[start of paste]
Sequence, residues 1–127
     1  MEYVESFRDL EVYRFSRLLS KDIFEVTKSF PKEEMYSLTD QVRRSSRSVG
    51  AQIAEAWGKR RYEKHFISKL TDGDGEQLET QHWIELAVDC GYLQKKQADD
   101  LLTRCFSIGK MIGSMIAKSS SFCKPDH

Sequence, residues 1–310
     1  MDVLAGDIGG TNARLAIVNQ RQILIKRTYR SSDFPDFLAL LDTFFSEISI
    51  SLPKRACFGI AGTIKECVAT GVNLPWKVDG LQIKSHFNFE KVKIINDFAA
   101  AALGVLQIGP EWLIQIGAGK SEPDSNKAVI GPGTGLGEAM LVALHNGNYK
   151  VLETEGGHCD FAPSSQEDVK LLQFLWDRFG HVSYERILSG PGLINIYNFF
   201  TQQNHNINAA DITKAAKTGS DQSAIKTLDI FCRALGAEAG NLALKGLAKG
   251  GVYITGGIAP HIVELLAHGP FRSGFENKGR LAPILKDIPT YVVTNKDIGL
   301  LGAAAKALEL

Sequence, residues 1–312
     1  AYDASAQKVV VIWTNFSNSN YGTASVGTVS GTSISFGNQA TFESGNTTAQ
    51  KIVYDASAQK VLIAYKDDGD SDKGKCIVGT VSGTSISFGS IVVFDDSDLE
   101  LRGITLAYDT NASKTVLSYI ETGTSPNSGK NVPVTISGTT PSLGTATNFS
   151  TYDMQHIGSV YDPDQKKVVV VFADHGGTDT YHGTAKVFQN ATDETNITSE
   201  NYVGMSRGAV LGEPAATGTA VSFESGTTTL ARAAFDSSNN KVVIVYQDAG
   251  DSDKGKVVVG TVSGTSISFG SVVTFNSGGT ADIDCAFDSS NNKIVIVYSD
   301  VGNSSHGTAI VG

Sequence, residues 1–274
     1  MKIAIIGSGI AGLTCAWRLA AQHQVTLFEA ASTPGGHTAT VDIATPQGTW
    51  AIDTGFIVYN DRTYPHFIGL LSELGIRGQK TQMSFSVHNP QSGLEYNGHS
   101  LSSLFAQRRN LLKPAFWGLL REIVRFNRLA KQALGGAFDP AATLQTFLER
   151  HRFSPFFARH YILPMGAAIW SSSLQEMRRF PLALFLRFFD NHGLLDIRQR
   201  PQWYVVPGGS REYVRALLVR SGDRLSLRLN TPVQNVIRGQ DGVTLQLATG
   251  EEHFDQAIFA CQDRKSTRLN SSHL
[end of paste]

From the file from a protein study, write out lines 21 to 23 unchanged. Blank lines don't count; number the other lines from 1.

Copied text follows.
Sequence, residues 1–274
     1  MKIAIIGSGI AGLTCAWRLA AQHQVTLFEA ASTPGGHTAT VDIATPQGTW
    51  AIDTGFIVYN DRTYPHFIGL LSELGIRGQK TQMSFSVHNP QSGLEYNGHS